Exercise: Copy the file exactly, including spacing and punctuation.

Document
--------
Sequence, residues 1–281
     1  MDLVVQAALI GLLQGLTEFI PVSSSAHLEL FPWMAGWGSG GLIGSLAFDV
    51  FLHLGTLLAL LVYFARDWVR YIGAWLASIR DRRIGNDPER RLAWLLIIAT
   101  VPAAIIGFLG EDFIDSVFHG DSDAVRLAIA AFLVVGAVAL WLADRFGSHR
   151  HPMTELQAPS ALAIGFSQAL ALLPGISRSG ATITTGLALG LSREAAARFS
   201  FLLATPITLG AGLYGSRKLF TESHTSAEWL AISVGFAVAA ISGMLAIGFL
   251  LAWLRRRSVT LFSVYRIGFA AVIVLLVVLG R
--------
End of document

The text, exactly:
Sequence, residues 1–281
     1  MDLVVQAALI GLLQGLTEFI PVSSSAHLEL FPWMAGWGSG GLIGSLAFDV
    51  FLHLGTLLAL LVYFARDWVR YIGAWLASIR DRRIGNDPER RLAWLLIIAT
   101  VPAAIIGFLG EDFIDSVFHG DSDAVRLAIA AFLVVGAVAL WLADRFGSHR
   151  HPMTELQAPS ALAIGFSQAL ALLPGISRSG ATITTGLALG LSREAAARFS
   201  FLLATPITLG AGLYGSRKLF TESHTSAEWL AISVGFAVAA ISGMLAIGFL
   251  LAWLRRRSVT LFSVYRIGFA AVIVLLVVLG R